• Users consistently got frustrated and confused by the add on and luggage sections. And were particularly annoyed by “unnecessary” upselling, especially towards the end of the booking process.

  • Users got confused by jargon heavy flight options, especially airline specific perks or plans. 

I conducted user testing of competing flight booking sites, alongside user interviews with a diverse range of people to observe user behaviour directly and talk through their experience of flight booking.

Page from competitor analysis of Virgin Atlantic home page

Page from competitor analysis of Easy-jet home page

Page from competitor analysis of British Airways home page

I produced several rounds of pen and paper sketches to work through my initial ideas for the site. I worked from the user testing feedback to form a layout that adhered to the mental model of users. Mirroring the conventions set by retail sites where possible, the design committed to a booking process revolving around the basket feature consistently.

Clear indication of the steps of the prosses was also needed, so an effort was made to keep the user fully aware of the context of their actions through a progress indicator, clear mapping of related elements and use of clear copy. Steps were also taken to insure when the user reached the ‘selection mindset’ stage they were not interrupted by up-selling or cross-selling.

Ideation Sketches of UI Intractions

Input departure location.

Input destination location

Input departure flight date 

Input return/ongoing flight date

Flight result page

Save flight/basket function

Luggage and seating pages

Basket page

Key Findings 

Rounds of low and high fidelity prototypes were developed from the selected designs using Figma. At this stage only the key user flow was prototyped; the flight search on the landing page to the basket confirmation page.


These prototypes were user tested at a low fidelity to ensure foundational usability. No issues with the navigation of the prose were fond, however some aspects were highlighted and addressed:

  • Users had trouble identifying what the price shown applied to e.g.: was the flight price per person. So the design was altered to give a clear price breakdown and specify if the price was per person or for all input passengers.


  • Users noted individually adding extra luggage to returning flights was tedious, so an option was added to apply the same luggage allowance to all flights. Automatically applying the luggage to all flights and letting the user opt out, or having a pop up ask if the user wanted to apply the same luggage to all flights was also considered.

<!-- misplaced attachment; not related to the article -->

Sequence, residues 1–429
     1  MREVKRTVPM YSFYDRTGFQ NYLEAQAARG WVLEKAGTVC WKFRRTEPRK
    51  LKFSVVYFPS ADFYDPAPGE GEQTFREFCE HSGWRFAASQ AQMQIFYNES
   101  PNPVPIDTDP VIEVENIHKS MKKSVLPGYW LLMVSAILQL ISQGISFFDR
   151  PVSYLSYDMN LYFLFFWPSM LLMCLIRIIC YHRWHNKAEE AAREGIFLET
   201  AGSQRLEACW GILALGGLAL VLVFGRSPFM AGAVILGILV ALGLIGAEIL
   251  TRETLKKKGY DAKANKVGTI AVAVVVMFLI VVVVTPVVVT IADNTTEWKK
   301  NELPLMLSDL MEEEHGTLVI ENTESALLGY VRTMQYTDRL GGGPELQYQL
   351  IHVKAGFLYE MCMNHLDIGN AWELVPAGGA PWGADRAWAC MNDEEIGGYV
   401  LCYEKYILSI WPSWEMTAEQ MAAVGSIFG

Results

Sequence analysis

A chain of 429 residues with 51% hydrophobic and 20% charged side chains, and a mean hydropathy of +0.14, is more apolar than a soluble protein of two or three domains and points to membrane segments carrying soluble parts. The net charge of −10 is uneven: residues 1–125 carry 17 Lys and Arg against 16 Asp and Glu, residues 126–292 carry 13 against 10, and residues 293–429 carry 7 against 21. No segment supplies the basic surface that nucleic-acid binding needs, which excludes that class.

• Copy of ‘seat selection’ was changed to ‘seat reservation’ as users were mischaracterising what this optional extra was for e.g.: was it compulsory to get a seat


Testing the Solution 

The final step of the project was producing an actionable deliverable in the form of a comprehensive static wireframe. The wireframe produced showed each element of the page and gave detailed notes about its different states through interactions.



Although I feel the project was successful in its aim, if this project were to be developed further I would do more specific testing of the save flight function, looking at how it interacted with users mapping of the process and if they felt it should act like a favourites button or bookmarking more.

Design Objectives 

The three key problem areas were developed into design objectives.

  • The site should present a clear mental model of how to book flights that matches user expectations.

  • Support the user’s research aim by allowing use of the search flight functionality as a research tool without compromising the user’s ability to book efficiently when ready.

  • Make the ‘booking mindset’ stage of the user journey (from luggage selection to basket review) clear, enjoyable and ensure it maintains user trust.


How can I create a flight search/booking process that matches user expectations while fitting into their travel research process at multiple stages without impeding efficient booking.

An evidence based approach was used to identify user aims and explore there mental models of booking. This research showed that the users primary aim was to research flights. Therefore, I worked towards a design that accounted for this but did not neglect booking capability. This was combined with the utilisation of conventions from other retail and booking sites, identified as contributing to user’s expectation of the process.

1. Users display an inconsistent mental model of the booking process, (package vs modular) and apply false assumptions from retail sites (like amazon).

2. In most cases the users key aim is research based, but the site must not alienate those ready to book flights as this is the key business aim. 

3. The latter stage of the user journey, including luggage and seat booking, is seen as confusing and untrustworthy by users 

Key Problems Identified